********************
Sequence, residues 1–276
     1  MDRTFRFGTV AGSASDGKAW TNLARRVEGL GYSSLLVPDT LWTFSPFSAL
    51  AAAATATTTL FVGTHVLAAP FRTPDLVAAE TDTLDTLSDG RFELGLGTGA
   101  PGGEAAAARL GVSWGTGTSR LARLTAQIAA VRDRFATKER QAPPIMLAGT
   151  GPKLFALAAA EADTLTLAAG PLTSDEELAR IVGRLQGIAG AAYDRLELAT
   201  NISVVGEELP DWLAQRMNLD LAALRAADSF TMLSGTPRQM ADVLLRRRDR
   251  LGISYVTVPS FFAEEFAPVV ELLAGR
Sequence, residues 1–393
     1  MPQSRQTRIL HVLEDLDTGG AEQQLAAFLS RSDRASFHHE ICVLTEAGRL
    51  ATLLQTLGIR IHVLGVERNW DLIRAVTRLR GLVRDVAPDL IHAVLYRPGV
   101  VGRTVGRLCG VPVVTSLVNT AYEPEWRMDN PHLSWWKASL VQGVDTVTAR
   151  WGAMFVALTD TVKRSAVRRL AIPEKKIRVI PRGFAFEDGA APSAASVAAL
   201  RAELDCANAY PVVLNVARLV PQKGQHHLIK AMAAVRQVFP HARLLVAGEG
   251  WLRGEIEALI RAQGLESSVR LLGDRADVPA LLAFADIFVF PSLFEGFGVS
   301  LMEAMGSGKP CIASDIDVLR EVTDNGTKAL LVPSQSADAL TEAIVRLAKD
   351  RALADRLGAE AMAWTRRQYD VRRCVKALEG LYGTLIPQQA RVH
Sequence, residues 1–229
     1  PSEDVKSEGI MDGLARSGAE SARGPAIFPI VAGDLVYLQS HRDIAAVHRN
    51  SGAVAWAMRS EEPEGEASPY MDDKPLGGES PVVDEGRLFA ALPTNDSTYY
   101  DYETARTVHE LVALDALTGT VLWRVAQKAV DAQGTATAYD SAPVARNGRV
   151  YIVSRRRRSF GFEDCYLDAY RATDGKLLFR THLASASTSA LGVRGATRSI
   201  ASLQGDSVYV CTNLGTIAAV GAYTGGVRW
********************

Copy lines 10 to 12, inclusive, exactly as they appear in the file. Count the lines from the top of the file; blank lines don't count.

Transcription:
    51  ATLLQTLGIR IHVLGVERNW DLIRAVTRLR GLVRDVAPDL IHAVLYRPGV
   101  VGRTVGRLCG VPVVTSLVNT AYEPEWRMDN PHLSWWKASL VQGVDTVTAR
   151  WGAMFVALTD TVKRSAVRRL AIPEKKIRVI PRGFAFEDGA APSAASVAAL